Live Review

Joe Henry - 400 Bar (Minneapolis, MN)

Joe Henry on January 18, 1997

Sitting alone onstage after he and a couple friends took a rich-and-ragged run through his own impressive body of work, Joe Henry decided to reach for some stardust when called out for an encore by a capacity crowd at the West Bank's 400 Bar.

Live Review

Jeff Tweedy With Bob Egan - Lounge Ax (Chicago, IL)

Jeff Tweedy With Bob Egan on January 11, 1997

"I'm sorry; I thought we played too long. I thought we played bad, and we sang bad, and I'm really sorry you didn't have a good time." Jeff Tweedy was doing his best to loosen the grip of wall-to-wall fans after his second encore and a little over two hours onstage. It wasn't easy, for him or for the fans. For two hours a chorus numbering two-thirds of the house had joined him for the better part of every song as the evening careened from muscle pop to kinderlieder, from the Beatles and Big Star to echoes of Muddy Waters.

Live Review

Johnny Paycheck - FitzGerald's (Berwyn, IL)

Johnny Paycheck on January 18, 1997

From the moment he walked onstage, it was obvious Johnny Paycheck wasn't feeling well. The veteran performer was short of breath, and he kept lifting his guitar off his chest, looking heavenward, inhaling air before singing a verse. After opening with the hits "I'm the Only Hell (Mama Ever Raised)" and "A-11", Paycheck explained, "My asthma's acting up real bad, but I don't give a damn....Sometimes it locks down on me, but I'll handle it." Paycheck struggled throughout the set, repeatedly using an inhaler to aid his breathing.

Live Review

BR5-49 - Johnny D's (Boston, MA)

BR5-49 on January 19, 1997

I always jokingly refer to Boston as the alternative-country capital of the United States. You see, we don't have much of that hip twang up here. We've got a lot of alternative rock, hardcore, folk (boy, do we have folk -- yawn), and even some good bluegrass. What we don't have is the grange. The insurgent country. All you really need to do, in fact, is drive two hours west to Northampton, and you'll find the exact opposite: alterna-country all over the damn place.

Live Review

Buddy Holly Tribute - Surf Ballroom (Clear Lake, IA)

Various Artists on January 31, 1997

I bought my first drum set at a pawn shop in Lubbock, Texas. Answering an ad looking for a drummer, I soon met Paul Waters, a young man who bore a striking and deliberate resemblance to Buddy Holly. He came to my door lugging a Stratocaster and a scrapbook filled with pictures of him onstage in the full Holly regalia: suit, ascot, and those bookish glasses. There were also shots of him leaning over Buddy Holly's grave with what I swear were tears in his eyes. We eventually formed a band and played Holly songs around the clubs and barbecue joints of Lubbock.

Live Review

A Tribute To Townes Van Zandt - Cactus Cafe (Austin, TX)

Various Artists on January 22, 1997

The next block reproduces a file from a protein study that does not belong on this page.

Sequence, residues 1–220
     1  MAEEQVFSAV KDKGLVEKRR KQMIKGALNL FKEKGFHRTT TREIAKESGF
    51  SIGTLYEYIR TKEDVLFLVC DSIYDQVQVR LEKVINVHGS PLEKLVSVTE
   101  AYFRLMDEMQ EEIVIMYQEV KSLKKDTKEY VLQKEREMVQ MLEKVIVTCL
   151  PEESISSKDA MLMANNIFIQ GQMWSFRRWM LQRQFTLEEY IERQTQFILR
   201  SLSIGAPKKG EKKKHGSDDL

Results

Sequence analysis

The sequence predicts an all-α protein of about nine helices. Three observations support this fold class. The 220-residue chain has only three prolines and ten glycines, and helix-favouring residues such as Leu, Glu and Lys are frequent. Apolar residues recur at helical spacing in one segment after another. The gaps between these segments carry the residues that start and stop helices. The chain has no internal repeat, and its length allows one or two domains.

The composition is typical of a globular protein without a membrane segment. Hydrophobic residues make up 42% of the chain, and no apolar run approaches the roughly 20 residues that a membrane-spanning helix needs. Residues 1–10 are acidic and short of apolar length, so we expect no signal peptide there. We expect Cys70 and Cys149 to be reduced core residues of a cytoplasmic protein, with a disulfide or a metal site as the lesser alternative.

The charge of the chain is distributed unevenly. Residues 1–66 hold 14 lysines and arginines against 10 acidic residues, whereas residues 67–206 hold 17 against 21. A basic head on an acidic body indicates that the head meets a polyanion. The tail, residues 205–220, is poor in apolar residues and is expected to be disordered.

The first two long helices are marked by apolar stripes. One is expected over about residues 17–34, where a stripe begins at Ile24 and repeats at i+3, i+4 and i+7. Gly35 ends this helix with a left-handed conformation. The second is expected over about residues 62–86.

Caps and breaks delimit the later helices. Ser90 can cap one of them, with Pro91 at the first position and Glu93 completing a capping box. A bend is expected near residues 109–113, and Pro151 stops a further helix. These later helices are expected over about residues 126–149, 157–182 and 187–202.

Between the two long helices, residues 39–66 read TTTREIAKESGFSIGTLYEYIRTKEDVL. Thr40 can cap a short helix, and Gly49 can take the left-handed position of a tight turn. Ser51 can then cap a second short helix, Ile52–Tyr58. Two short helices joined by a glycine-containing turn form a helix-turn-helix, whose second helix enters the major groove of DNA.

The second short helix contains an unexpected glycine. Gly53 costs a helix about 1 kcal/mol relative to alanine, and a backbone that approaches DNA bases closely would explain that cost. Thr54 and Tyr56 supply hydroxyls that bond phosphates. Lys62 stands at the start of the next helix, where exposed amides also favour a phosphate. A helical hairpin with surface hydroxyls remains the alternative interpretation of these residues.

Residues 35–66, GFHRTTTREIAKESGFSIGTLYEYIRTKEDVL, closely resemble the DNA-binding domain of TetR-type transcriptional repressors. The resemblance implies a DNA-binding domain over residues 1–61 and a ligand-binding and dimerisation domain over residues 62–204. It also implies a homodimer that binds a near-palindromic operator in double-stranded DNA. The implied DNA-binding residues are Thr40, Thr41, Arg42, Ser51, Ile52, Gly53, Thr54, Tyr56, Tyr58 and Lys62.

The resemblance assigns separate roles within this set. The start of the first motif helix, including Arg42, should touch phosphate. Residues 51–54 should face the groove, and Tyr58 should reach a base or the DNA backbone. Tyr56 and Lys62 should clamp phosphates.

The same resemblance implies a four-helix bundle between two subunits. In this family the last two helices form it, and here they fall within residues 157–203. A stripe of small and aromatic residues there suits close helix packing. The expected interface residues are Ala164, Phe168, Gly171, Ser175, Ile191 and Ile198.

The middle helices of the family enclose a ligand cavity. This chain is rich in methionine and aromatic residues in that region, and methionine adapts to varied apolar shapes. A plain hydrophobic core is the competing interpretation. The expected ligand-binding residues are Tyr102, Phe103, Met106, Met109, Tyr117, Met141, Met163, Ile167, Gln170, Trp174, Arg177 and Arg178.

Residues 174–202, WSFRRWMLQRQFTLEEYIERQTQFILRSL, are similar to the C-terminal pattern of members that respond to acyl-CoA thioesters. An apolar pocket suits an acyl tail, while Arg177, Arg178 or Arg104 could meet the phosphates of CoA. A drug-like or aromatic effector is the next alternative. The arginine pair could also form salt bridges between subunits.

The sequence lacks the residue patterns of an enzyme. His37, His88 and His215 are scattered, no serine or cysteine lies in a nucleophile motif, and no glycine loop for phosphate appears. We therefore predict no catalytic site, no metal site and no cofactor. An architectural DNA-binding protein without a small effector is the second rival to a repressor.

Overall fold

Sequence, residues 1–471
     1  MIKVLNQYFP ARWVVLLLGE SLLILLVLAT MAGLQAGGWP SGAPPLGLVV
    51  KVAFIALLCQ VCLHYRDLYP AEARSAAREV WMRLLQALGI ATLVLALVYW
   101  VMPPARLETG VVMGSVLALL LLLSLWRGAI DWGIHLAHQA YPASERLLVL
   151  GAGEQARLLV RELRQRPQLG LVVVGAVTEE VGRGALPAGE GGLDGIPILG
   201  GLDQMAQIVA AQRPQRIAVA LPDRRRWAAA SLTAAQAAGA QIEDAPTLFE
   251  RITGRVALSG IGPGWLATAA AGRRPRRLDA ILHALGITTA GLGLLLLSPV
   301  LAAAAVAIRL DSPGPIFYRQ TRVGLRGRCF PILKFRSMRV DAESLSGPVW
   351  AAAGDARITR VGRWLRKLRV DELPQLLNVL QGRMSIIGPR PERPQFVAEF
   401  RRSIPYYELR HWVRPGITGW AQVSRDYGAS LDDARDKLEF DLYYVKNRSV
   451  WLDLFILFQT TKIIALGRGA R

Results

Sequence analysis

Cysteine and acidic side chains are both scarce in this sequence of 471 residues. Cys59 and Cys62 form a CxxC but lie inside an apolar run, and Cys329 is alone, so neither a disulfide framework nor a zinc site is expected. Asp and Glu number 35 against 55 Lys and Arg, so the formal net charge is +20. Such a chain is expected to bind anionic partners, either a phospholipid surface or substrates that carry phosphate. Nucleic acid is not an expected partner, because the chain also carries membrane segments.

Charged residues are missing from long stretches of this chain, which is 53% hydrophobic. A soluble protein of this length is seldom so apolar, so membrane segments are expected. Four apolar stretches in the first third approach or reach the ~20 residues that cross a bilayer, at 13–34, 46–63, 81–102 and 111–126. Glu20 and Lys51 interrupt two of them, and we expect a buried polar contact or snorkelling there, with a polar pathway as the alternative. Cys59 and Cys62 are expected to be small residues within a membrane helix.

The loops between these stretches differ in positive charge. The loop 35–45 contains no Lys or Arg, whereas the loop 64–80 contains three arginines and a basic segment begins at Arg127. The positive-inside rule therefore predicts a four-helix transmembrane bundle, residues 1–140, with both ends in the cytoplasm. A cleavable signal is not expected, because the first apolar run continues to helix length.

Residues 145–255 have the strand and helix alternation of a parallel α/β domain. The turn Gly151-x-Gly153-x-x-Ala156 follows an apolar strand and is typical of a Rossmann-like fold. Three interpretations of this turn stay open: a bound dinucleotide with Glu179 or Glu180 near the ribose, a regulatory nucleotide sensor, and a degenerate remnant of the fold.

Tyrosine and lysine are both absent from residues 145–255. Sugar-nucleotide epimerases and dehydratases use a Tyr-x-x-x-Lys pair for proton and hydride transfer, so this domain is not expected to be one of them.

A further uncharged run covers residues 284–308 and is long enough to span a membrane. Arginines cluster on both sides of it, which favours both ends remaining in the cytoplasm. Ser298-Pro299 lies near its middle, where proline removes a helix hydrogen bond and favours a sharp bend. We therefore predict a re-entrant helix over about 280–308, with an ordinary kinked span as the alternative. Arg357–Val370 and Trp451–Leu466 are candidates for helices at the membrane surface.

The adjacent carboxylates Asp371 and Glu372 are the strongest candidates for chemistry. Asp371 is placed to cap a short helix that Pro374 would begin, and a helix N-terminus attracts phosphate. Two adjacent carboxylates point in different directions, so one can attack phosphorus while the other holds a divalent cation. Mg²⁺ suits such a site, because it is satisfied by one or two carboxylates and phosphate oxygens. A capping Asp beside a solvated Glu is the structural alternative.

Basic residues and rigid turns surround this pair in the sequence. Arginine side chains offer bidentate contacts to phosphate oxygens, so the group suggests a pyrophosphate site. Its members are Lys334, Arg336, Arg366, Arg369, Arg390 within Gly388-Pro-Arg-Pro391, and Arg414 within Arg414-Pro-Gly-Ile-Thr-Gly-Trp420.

"HOUSEBOAT IN HEAVEN" Townes Van Zandt played the Cactus Cafe in Austin, Texas, for the last time on Saturday, October 13, 1996. He died on January 1, 1997, the anniversary of the death of Hank Williams, one of his true heroes. During the radio tribute I did to Townes the next evening, the manager of the Cactus, Griff Luneberg, called and said that Townes was booked to play on January 22 & 23, and that those dates would be made a tribute to him, with his fans and friends invited to perform. The list of confirmed guests for the "Houseboat In Heaven" tribute was impressive.

Live Review

Vigilantes Of Love - Mercury Lounge (New York City, NY)

Vigilantes Of Love on November 17, 1996

Framed against a backdrop of heavy steel duct work and red brick and mortar that recalled their late, great hometown club the Flying Buffalo, the Athens, Ga. trio Vigilantes of Love seemed eerily at home at the New York date of a monthlong tour. Frontman Bill Mallonee opened the show with a pair of solo acoustic numbers: "Parting Shot", from 1995's Blister Soul, and an old "new" song, "Judas Skin", which both challenged the audience to pay attention and invited them into the Vigilantes' brand of folk-based rock 'n' roll.

Live Review

Always...Patsy Cline - Barber Theatre (Evanston, IL)

Patsy Cline on December 4, 1996

Louise Seger would scrimp on groceries for a month to be able to don her red cowboy boots and yellow fringed skirt and go see the Northlight Theatre's Chicago production of "Always...Patsy Cline". Seger became Cline's most famous fan with the 1981 publication of Ellis Nassour's biography Patsy Cline, reissued in 1993 as Honky Tonk Angel: The Intimate Story of Patsy Cline. Nassour gives Seger only a handful of pages, mostly setting up the singer's letters to her as first-person accounts.

Live Review

Amy Rigby / Jim Lauderdale - Southgate House (Newport, KY)

Jim Lauderdale on November 6, 1996

Alternative-country artists visit the Cincinnati area all too rarely, so it was a real treat to catch a double bill featuring these two talented songwriters, who have turned out heartfelt and original country gems that shine without the need of Nashville's glare. Amy Rigby opened the show with her folksy brand of familiar and comfortable songs dealing with familiar, everyday occurrences and situations that cause listeners to say, "Yep, been there, done that". Rigby's day job as a temporary office worker provided the grist for many of the songs.

Live Review

Marlee MacLeod - Abbey Pub (Chicago, IL)

Marlee MacLeod on December 14, 1996

When No Depression last visited with Marlee MacLeod back in the second issue, she spoke of "playing for six to 10 people a night" and "converting the nation three people at a time." She was still at it on this Saturday night gig at the Abbey Pub, a neighborhood tavern in a very untrendy neighborhood on the Northwest side of Chicago.